Only Four States Have Money to Fund Promised Obligations
Only four states have sufficient assets to pay their debt and obligations for pensions and retirees' healthcare, according to a report from the Institute for Truth in Accounting.
The study determined six states have per-taxpayer burdens of more than $20,000: Connecticut ($41,200), Illinois ($26,800), Hawaii ($25,000), Kentucky ($23,800), Massachusetts ($20,100), and New Jersey ($34,600). The taxpayer burden represents the funds needed to pay the commitments the state has already accumulated, divided by the number of taxpayers in the state.
"If governors and legislatures had truly balanced each state's budget, no taxpayer's financial burden would exist," said Sheila Weinberg, founder and CEO of the Institute. “A state budget is not balanced if past costs, including those for employees' retirement benefits, are pushed into the future."
Wyoming Sitting Pretty
The study found four states (Nebraska, North Dakota, Utah, and Wyoming) have assets available to pay their debt and obligations related to pension and retirees' healthcare. Wyoming is in the best shape, with a per-taxpayer cushion of $15,100. Nebraska follows with a per-taxpayer cushion of $6,400, followed by Nebraska with $2,500 and North Dakota with $2,200.
All other states owe more than they have on hand to pay their obligations.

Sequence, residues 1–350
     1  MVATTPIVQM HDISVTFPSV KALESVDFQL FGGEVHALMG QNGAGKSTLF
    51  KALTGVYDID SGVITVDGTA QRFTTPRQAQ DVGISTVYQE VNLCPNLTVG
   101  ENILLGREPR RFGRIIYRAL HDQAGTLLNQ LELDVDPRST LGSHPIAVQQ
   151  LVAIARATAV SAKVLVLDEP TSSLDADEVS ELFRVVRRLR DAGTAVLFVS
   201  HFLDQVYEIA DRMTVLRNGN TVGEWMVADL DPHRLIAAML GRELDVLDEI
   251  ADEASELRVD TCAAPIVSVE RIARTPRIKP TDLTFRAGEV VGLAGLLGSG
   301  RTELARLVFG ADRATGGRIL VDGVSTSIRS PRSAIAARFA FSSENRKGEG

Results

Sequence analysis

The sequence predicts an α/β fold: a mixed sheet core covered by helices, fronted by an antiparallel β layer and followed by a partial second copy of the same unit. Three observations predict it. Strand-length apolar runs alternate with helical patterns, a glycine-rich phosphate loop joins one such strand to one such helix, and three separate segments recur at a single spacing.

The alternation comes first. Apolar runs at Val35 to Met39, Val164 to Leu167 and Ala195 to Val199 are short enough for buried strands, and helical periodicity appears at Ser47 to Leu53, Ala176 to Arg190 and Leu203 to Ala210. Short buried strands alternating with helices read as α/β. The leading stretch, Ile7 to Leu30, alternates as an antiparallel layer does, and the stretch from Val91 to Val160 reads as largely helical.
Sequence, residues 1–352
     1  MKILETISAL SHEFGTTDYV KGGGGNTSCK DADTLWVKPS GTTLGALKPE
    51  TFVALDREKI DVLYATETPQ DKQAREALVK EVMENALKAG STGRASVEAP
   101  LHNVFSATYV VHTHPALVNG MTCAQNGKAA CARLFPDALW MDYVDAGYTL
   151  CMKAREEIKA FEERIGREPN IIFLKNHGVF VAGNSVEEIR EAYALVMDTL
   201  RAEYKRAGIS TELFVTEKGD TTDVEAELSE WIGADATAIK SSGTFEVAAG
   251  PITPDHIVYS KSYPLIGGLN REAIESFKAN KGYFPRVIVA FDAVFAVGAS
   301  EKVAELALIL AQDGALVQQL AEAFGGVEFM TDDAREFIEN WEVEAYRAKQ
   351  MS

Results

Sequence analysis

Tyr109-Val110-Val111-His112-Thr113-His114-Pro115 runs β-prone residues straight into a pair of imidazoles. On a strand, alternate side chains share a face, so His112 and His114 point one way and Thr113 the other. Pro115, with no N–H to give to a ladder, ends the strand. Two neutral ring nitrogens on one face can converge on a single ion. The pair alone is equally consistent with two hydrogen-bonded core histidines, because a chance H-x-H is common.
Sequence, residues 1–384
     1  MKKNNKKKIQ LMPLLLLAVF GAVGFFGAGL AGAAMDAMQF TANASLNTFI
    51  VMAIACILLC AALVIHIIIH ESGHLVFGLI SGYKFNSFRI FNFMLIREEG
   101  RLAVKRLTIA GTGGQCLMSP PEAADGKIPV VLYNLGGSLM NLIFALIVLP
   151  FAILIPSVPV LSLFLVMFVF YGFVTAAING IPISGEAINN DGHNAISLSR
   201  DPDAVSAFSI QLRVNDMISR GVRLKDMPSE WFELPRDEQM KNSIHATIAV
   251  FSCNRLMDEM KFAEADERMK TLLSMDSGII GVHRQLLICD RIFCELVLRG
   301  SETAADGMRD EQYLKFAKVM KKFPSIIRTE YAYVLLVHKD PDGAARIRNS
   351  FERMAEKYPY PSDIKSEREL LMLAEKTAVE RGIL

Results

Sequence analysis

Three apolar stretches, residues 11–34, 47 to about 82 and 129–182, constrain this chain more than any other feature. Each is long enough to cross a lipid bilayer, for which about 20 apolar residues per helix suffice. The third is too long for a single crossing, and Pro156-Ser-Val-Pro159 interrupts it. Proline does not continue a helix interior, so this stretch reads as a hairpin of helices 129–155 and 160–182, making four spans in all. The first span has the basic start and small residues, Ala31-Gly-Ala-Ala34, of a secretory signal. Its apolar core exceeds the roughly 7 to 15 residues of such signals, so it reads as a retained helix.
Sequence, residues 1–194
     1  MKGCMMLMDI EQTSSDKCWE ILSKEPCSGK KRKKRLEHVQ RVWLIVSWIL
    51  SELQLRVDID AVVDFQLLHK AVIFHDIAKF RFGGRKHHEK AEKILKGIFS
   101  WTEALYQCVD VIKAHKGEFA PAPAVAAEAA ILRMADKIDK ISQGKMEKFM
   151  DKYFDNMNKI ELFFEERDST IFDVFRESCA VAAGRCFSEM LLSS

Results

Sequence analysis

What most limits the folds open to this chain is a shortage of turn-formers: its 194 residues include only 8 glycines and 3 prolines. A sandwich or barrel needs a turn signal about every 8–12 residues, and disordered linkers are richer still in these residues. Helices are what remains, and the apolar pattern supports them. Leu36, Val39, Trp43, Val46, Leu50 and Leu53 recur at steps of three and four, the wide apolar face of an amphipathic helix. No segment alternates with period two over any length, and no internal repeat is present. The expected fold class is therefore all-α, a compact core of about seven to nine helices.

The study reviewed each state's Comprehensive Annual Financial Report to offset assets against liabilities. For the first time, a detailed analysis of pension and healthcare liabilities uncovered the states' actual obligations. From these calculations, the Institute was able to determine the taxpayer burden.
Costly ‘Pay As You Go’ Policies
Employee compensation packages include retirement benefits. A portion of these benefits is earned each period and should be included in the current budget as a portion of current employee compensation costs. Instead, most states handle many of benefits on a "pay as you go" basis. This obligates future taxpayers to cover these past costs without receiving any benefits or services.
"Though 49 of the 50 states have constitutional or legal requirements to balance budgets, most states employ a variety of financial maneuvers to circumvent this requirement," said Roger Nelson, IFTA chairman and former vice chairman of Ernst & Young, one of the world’s largest accounting and business consulting firms. "The largest of these maneuvers is related to employee compensation."
Nancy Mathieson (NancyMath@aol.com) is operations director at the Institute for Truth in Accounting.